*Inside Job*

Nick writes to me:

I'm an undergrad math/Econ double major and aspiring economist. I also read your blog (amongst others) daily. You said today that "Inside Job" was "half very good and half terrible." Critical reviews are widespread, but prominent economists haven't said much. I was wondering if you could expound on your terse critique in an email or blog post.

It's been a while since I've seen the movie, but here goes.  The best parts are on excess leverage, the political economy of the crisis, and the attitudes of the economics profession.  Overall it is remarkable how much economics is in the movie, even though some of it is quite bad.  The visuals and pacing are excellent and many scenes deserve kudos. 

The worst parts are the misunderstandings of deregulation.  Glass-Steagall repeal was not a major factor, much of the sector remained highly regulated, and there is no mention of the failure to oversee the shadow banking system.  The entire discussion has more misses than hits.  The smirky association of major bankers with expensive NYC prostitutes (on one hand based on very little evidence, on the other hand probably true) was inexcusable.  There is talk of "predatory lending," but it is not mentioned that many borrowers committed felonies, or were complicit in felonies ("on the form, put down any income you would like").  Most generally, there is virtually no understanding of the complexity of the dilemmas involving in either public service or in running a major corporation.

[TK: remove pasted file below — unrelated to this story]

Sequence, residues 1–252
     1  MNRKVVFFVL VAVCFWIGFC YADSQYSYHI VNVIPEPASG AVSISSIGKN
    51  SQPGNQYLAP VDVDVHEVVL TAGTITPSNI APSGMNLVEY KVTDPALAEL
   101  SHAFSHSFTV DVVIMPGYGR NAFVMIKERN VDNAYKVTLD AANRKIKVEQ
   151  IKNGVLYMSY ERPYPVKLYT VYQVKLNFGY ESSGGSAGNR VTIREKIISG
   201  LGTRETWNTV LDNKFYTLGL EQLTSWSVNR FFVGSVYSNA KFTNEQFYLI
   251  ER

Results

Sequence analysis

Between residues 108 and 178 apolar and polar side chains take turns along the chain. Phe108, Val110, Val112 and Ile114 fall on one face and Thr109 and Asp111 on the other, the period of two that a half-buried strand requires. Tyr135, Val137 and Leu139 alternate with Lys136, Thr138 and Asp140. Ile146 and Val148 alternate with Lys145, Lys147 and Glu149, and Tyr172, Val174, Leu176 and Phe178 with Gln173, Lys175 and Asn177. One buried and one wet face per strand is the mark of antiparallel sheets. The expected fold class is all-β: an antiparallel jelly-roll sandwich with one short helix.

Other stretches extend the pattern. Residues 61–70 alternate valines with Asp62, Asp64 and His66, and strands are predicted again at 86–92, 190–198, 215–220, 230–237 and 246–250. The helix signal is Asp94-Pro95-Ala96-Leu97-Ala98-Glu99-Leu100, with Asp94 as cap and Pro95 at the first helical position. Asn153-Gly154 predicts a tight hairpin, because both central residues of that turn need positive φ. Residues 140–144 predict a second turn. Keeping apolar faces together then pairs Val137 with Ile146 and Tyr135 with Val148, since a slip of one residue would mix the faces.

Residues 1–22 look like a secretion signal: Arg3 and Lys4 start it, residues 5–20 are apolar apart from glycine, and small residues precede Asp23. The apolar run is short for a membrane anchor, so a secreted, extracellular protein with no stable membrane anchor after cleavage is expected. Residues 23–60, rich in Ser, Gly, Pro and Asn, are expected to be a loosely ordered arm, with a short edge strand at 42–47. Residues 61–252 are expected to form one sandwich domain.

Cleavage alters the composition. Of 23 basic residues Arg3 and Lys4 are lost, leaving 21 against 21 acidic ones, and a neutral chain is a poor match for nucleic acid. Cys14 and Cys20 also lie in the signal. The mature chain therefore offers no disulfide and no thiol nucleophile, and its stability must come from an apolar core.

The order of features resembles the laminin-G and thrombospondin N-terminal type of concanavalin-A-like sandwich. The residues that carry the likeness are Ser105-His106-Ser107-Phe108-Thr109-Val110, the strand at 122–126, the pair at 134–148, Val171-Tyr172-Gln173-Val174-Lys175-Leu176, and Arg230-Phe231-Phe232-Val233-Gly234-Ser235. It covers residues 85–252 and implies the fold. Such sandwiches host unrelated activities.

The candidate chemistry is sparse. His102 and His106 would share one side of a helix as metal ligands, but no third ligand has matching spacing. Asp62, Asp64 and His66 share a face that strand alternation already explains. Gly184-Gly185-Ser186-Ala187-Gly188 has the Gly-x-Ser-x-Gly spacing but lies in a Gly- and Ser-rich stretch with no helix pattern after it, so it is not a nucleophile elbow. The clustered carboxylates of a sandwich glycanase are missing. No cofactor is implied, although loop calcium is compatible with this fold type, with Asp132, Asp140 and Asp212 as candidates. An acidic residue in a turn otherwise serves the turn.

Overall, the movie's smug moralizing makes me wonder: is this a condescending posture, spooned out with contempt to an audience regarded, one way or another, as inferior and undeserving of better?  Or are the moviemakers actually so juvenile and/or so ignorant of the Western tradition — from Thucydides to Montaigne to Pascal to Shakespeare to Ibsen to FILL IN THE BLANK — that they themselves accept the very same simplistic moral portrait?  If so, most of all I feel sorry for how much of life's complexities they are missing and how impoverished their reading and moviegoing and theatregoing must be. 

Do you remember the scene in Hamlet, where Hamlet tries to judge the King by enacting a pantomime play in front of him, to see how the King would respond to a work of art?  I think of that often.


Comments for this post are closed